# Problem: Coulomb's law allows us to find the force between two point charges. Three point charges are held fixed on a straight line with equal spacing; +Q, +q, -Q from left to right. Consider the following comment about this situation. "There will be zero net electric force on the charge in the middle due to the other charges. Using Coulomb's law, the force due to the +Q charge is positive, and the force due to the -Q charge is negative. The force cancel." Do you agree with this statement? How does Coulomb's law apply to situations in which there are more than two point charges?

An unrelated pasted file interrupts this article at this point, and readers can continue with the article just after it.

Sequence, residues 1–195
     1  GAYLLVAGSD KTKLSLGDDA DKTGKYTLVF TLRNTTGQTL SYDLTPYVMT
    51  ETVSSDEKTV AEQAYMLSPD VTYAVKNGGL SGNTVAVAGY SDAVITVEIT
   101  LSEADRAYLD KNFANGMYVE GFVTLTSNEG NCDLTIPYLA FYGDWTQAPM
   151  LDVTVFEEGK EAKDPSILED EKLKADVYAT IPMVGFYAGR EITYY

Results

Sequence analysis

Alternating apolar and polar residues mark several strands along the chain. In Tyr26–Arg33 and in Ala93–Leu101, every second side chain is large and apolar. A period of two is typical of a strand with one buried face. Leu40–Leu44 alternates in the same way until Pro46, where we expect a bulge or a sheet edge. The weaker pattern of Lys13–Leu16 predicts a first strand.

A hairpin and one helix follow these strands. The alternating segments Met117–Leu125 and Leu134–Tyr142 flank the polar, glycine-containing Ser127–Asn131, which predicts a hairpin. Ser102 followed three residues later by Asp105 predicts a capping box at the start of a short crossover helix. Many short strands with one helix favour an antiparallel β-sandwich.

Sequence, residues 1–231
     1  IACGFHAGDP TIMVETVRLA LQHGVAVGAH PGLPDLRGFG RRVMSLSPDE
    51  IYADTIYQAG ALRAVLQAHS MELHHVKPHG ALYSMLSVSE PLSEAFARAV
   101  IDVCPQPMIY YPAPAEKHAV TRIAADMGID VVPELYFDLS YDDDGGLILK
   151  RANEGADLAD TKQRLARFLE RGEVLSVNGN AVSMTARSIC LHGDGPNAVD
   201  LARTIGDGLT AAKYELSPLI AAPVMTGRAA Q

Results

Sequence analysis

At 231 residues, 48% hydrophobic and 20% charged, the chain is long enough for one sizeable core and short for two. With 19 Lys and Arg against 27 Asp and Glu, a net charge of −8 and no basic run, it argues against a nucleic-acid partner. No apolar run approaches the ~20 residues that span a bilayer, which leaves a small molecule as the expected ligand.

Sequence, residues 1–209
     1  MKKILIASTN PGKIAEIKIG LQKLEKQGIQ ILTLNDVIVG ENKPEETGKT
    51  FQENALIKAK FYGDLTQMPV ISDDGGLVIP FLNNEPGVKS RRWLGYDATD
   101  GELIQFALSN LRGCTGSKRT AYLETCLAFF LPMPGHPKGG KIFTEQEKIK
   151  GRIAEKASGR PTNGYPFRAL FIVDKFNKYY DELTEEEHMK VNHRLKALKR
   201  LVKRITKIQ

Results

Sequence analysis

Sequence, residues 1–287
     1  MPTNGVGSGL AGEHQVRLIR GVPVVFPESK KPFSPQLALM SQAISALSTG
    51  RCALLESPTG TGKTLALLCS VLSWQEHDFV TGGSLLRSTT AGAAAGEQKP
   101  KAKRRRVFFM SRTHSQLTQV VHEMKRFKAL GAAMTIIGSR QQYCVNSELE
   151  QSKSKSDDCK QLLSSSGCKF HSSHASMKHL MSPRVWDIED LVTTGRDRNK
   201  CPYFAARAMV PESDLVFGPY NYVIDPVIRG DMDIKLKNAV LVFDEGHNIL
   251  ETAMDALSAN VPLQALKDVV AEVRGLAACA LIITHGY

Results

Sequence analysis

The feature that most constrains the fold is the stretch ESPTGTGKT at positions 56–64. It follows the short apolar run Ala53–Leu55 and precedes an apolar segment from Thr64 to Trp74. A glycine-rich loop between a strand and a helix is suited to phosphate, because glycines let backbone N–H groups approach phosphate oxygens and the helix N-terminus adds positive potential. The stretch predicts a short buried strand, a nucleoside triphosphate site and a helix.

###### FREE Expert Solution

In this problem, we'll use Coulomb's law to evaluate the electric force on a charge due to nearby charges.

Coulomb's law:

$\overline{){\mathbf{F}}{\mathbf{=}}\frac{\mathbf{k}{\mathbf{q}}_{\mathbf{1}}{\mathbf{q}}_{\mathbf{2}}}{{\mathbf{r}}^{\mathbf{2}}}}$

86% (221 ratings) ###### Problem Details

Coulomb's law allows us to find the force between two point charges. Three point charges are held fixed on a straight line with equal spacing; +Q, +q, -Q from left to right. Consider the following comment about this situation. "There will be zero net electric force on the charge in the middle due to the other charges. Using Coulomb's law, the force due to the +Q charge is positive, and the force due to the -Q charge is negative. The force cancel." Do you agree with this statement? How does Coulomb's law apply to situations in which there are more than two point charges?